- Isolation – failure to connect with prior and parallel disciplines
Anyone who had read any of the articles that describe Cynefin will see multiple references to the supporting sciences. The only article which doesn’t is the HBR one as their style guide prohibits it. In the early articles I even reference people I disagree with such as Stacy to make sure that due acknowledgement is given to all sources. So I think we are OK there.
- Non-falsifiability – no means to invalidate hypotheses
Given all the sources are clearly identified they can be checked. Cynefin as such does not advance a hypothesis it references and uses the verified hypotheses of others.
- Misuse of data – leveraging data out of context or beyond validity
If anyone can give me an example of this do. I’ve had a lot of peer review over the years on many articles and no one involved has accused me of that.
- No self-correction, evolution of thought – often centred round a single ‘thought-leader’
Easy to refute if you look at the evolution of Cynefin over time. I’ve constantly interacted (and acknowledged) the intellectual contribution of people like Boisot and Juarrero. I’ve also co-authored papers with a range of people over time. Kurtz for example, who worked for me in the IKM and did a lot of the method development around Cynefin. Boone on the HBR article and more recently Prof Marks with two peer reviewed articles on the use of Cynefin in Health. I’m currently working on three other co-authored book chapters or articles. Yes I’m the primary author in respect of Cynefin but others have been involved, and critical to my benefit.
- Special-pleading – the claim that this is a special-case that can’t be measured in any other terms
I’ve examined my conscience on this and I can’t think of any such. Again the references are clear and can be found, read and checked. No special pleading has been made.
- Unfounded optimism – unrealistic expectations
That would apply to a claim of predictive power, which is not made, only a claim for sense-making
- Impenetrability – an over-dependence on complicated ideology and obfuscation, or bluster in place of debate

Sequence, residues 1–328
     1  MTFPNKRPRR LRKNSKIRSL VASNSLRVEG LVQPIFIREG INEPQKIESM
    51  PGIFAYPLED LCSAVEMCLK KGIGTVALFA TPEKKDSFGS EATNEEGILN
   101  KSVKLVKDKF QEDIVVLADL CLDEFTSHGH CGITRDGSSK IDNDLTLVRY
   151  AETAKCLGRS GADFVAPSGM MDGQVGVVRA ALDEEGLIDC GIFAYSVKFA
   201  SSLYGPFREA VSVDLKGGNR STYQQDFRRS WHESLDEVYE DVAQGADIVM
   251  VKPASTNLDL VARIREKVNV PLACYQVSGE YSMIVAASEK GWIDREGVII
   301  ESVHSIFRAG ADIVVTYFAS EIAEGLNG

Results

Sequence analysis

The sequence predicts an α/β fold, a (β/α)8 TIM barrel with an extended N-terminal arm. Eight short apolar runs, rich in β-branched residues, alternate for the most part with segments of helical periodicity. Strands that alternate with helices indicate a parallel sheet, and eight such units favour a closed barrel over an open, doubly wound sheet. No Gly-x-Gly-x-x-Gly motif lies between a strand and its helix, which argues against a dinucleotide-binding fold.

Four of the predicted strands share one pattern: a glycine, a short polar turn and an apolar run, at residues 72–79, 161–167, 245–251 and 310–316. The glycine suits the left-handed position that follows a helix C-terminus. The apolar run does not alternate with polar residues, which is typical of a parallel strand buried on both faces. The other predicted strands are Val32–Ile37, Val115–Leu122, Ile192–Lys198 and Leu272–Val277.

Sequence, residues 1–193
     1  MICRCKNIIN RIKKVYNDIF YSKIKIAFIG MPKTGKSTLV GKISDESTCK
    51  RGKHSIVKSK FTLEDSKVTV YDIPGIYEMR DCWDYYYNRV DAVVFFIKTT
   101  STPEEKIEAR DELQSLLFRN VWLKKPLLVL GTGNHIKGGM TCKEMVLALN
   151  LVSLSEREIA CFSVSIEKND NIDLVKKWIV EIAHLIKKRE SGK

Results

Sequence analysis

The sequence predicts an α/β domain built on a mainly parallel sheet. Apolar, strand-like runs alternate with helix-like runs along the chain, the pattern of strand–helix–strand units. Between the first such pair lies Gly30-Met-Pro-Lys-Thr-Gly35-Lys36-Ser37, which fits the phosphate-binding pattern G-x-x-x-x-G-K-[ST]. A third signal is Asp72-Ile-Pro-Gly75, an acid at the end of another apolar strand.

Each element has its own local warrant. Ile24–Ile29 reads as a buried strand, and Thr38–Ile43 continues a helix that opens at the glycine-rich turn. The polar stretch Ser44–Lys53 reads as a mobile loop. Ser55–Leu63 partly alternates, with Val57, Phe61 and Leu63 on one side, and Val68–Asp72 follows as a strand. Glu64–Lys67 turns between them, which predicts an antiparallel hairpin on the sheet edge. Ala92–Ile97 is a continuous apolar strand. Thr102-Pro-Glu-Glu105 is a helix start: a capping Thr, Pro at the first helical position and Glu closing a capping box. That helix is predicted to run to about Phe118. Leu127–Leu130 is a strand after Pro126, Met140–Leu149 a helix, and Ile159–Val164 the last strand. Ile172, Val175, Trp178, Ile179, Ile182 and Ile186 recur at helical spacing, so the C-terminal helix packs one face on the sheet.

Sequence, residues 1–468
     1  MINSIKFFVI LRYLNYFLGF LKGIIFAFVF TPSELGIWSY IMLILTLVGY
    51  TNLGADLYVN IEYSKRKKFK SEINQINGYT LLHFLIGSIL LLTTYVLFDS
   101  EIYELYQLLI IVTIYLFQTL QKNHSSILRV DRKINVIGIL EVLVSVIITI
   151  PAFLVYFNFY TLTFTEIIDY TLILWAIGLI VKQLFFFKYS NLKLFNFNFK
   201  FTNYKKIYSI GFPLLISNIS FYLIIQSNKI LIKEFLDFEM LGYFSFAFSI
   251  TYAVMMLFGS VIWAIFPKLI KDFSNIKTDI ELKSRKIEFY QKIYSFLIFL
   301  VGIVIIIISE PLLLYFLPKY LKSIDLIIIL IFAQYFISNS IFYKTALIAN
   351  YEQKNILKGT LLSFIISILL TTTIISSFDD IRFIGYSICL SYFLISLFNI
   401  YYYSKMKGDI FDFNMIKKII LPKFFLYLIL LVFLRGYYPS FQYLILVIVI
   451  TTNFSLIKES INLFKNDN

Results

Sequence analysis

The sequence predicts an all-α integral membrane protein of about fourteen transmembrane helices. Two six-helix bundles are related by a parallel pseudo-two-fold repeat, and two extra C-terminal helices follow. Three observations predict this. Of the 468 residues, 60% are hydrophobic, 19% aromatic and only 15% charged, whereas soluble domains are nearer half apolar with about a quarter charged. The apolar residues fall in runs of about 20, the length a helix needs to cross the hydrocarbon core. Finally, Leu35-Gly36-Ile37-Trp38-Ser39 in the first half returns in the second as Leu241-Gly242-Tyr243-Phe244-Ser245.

Given that the HBR paper won an Academy of Management award as the best practitioner paper and my first significant paper was recently recognised as the third most cited paper of all time in Knowledge Management I think we can refute that one. Many people have picked up and used Cynefin, and used it authentically but maybe not the way I would have in the same circumstances. If the material is impenetrable to some, it is not to a significant number and I’m fine with that.
- Magical-thinking – such as “the belief that good things will result from willpower alone”
Never really bought the will power idea and if this was the case nothing would have got through peer review.
- Ulterior motives – particularly ulterior motives of a commercial kind
Possible, but I’ve put the framework into the public domain and have never required attendance on a training course prior to use. So there is no dependency.
- Lack of formal training – including certification schemes that link back to #4
We have formal training, we don’t certify and we don’t require certification or training to use
- Bunker mentality – such as complaints about being ‘misunderstood’ by others, and often linked to #5 and #7
Misunderstandings happen but I am remarkably tolerant of people’s use. If I wasn’t Cynefin wouldn’t have the level of citation and use it does. People have created games using it on which we get no royalty or control etc. etc. My general policy is to live with four domain versions of Cynefin (although I do point out there are five if people persist) and to retweet or reference most uses of the framework, I can think of three occasions only in over five teen years where I have had to be firm when people have misrepresented the framework or, as in the case of Tom, hijack the brand.
- Lack of replicability of results – especially replicability by others under controlled conditions
This is an interesting one and I really covered it in my post of yesterday. The Cynefin framework is based on science so if people check out the sources they should come to similar conclusions, or at least not incompatible conclusions. Methods taught within Cynefin can be tested and replicated and people do.
Everything I’ve said above can be verified so I’m surprised Simon gave Tom’s rantings credibility. But I respect Simon so I’ve responded as promised.